This post content is sponsored by Achieva Financial, however the views and opinions expressed represent my own.
When it comes to investing, there’s a lot of emphasis on stocks, mutual funds, index funds and ETFs these days, but those aren’t the only investment products around.
In order to be a savvy investor, you really do need to know all of your options — and one of those options is GICs.
If you don’t know much about them, I’m here to answer the six most common questions about them, so by the end of this post you’ll know exactly what they are, how to use them and if they make sense to integrate into your investment portfolio.
What are GICs?
So, let’s start off by explaining what GICs are. I always like to compare guaranteed investment certificates (GICs) to bonds because they work very similarly. You see, when you buy a bond as an investment product, you’re lending your money to a corporation or government as a loan, and in return you’ll earn interest and get your full principal investment back by a certain date.
GICs work the same way in that you’re lending your money to earn interest and get your principal back within a specific timeframe, however instead of lending your money to a company, you’re lending it to a financial institution or bank.
So, let’s say you want to take advantage of Achieva Financial’s 5-Year Term GIC. Since they’re offering one of the highest GIC interest rates around right now, you would earn 2.65% interest on your investment. Remember, that interest rate is quoted per year, with interest calculated and paid on each 12 month anniversary date and at maturity.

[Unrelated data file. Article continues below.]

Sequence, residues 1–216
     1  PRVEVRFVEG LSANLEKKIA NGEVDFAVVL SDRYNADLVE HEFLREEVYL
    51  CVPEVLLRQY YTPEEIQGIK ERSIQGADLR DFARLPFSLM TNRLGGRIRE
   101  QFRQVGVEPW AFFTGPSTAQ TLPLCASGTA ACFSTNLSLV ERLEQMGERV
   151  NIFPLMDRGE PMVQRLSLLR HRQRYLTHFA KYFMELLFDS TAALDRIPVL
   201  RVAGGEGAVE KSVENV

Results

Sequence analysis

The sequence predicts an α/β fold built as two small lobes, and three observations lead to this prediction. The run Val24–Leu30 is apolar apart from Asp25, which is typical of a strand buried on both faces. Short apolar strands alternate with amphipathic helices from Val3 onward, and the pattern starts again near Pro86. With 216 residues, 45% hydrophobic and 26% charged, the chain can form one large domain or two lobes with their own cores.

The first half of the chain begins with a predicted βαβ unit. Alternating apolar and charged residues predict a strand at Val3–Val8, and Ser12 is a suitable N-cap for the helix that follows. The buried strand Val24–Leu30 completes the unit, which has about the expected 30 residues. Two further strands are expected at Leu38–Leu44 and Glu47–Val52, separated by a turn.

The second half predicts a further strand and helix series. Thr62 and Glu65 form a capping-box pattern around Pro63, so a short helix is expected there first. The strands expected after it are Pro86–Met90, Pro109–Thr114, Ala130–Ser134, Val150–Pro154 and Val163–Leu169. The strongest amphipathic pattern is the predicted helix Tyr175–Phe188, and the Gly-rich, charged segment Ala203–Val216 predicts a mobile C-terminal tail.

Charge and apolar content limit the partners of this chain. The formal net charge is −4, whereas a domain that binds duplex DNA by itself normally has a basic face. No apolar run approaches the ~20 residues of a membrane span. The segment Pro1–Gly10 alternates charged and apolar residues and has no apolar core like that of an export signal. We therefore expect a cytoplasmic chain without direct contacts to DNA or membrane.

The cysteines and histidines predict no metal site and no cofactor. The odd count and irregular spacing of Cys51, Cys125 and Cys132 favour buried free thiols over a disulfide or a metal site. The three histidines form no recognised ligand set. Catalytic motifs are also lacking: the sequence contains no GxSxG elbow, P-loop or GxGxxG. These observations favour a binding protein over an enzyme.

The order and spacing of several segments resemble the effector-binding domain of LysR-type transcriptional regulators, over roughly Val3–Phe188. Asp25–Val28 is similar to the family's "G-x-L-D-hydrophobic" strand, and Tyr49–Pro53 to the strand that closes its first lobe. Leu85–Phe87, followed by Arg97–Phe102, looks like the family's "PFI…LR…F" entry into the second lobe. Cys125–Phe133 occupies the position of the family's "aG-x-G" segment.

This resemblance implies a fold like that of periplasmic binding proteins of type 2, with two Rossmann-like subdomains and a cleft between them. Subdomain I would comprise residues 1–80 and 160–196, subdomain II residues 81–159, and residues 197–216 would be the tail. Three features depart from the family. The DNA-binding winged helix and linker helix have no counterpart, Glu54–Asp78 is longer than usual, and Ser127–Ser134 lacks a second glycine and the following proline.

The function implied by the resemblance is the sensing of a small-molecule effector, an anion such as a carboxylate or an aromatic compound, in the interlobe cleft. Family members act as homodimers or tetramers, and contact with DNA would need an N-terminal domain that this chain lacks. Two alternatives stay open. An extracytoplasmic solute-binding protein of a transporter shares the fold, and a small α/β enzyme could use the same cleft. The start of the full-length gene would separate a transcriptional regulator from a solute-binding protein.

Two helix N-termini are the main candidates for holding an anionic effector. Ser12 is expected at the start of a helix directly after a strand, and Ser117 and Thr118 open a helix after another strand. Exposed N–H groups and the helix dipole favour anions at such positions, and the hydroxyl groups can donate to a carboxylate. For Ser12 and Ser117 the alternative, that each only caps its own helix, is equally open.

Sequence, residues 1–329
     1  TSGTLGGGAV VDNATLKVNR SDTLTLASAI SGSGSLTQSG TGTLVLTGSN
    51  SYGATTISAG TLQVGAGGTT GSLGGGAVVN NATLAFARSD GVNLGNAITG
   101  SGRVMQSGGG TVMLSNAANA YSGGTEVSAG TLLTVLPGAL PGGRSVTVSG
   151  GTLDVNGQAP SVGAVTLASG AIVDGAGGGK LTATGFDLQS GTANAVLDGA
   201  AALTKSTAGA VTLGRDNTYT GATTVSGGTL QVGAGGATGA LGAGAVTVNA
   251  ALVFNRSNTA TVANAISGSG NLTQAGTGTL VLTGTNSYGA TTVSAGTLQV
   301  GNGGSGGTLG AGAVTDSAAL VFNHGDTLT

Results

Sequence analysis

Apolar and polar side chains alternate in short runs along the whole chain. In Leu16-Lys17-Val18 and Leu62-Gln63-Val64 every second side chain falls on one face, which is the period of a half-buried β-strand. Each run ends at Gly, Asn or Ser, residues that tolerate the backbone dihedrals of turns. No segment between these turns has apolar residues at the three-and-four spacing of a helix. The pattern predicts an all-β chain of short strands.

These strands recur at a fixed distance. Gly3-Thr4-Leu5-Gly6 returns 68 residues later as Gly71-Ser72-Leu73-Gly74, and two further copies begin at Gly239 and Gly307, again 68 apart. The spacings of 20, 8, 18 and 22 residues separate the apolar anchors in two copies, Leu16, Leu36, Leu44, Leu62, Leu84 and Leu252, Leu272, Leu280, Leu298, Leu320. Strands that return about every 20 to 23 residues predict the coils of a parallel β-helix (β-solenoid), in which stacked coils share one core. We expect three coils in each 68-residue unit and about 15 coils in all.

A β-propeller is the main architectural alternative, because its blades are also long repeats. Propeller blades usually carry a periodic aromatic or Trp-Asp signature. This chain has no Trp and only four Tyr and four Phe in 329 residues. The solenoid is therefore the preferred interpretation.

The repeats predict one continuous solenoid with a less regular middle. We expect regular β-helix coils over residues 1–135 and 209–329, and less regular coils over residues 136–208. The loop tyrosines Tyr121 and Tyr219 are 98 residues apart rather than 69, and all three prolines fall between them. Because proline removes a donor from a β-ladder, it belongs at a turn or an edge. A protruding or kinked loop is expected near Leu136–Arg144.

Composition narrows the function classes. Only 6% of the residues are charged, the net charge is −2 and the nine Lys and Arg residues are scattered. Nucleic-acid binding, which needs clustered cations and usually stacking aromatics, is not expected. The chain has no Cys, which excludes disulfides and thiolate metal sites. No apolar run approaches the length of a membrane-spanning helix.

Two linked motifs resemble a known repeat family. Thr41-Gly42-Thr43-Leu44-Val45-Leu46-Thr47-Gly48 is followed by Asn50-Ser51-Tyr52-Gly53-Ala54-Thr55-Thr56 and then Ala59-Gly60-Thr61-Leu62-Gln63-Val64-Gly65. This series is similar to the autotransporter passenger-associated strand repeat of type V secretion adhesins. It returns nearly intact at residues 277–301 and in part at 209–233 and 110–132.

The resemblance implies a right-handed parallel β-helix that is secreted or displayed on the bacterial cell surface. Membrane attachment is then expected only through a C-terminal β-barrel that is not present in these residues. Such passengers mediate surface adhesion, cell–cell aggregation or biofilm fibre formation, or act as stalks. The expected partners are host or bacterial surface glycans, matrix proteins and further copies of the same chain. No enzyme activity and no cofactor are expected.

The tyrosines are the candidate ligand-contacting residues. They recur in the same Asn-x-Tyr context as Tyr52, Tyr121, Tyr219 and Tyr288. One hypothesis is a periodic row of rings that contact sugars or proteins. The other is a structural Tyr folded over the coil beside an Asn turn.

If you wanted to invest $5,000, here’s how that would look:
Term = 5 Years
Interest rate = 2.65%
Principal investment = $5,000
After maturity, you would earn $699 in interest (thanks to the miracle of compound interest!) and have $5,699 in your pocket.
What’s the “Guaranteed” Part Mean?
Another big differentiator between bonds and GICs is that “guaranteed” word.
Bonds are not guaranteed. That means that when you invest in bonds, you’re taking a risk because there are no guarantees you will get your money back. For instance, if you buy a 3-year term bond from Company A, but after 2 years Company A goes bankrupt, you could lose some or all of your investment.
It’s not the same for GICs. GICs with terms of maturity of five years or less are eligible to be insured by the Canadian Deposit Insurance Corporation (CDIC) up to $100,000. Or, in the case of saving with Achieva Financial, your GIC is insured by the Deposit Guarantee Corporation of Manitoba.
You may have noticed that I mentioned that your GIC has to have a term under 5 years. The reason being is that the CDIC will not insure GICs that are longer than that. So, if you want to buy a 7-year term GIC, it won’t be insured and you’ll be assuming some additional risk there. That’s also the case for any GICs held in foreign currencies. You can learn more about what CDIC insures (and doesn’t insure) here.
Do You Have to Pay Fees on GICs?
No. Are you shocked? It seems like every investment product around has some fees tacked onto them, but that’s another reason why GICs are different. NO FEES! It’s the bank or financial institution that covers any costs involved with setting up a GIC, not you.
That being said, there are some penalties you might have to pay if you don’t follow the rules. For instance, if you were to buy a 5-year term GIC, that would effectively mean you are locking away your money for 5 years and can’t touch it. I mean, that is sort of the point of investing in GICs — to not touch it and just let your investment grow.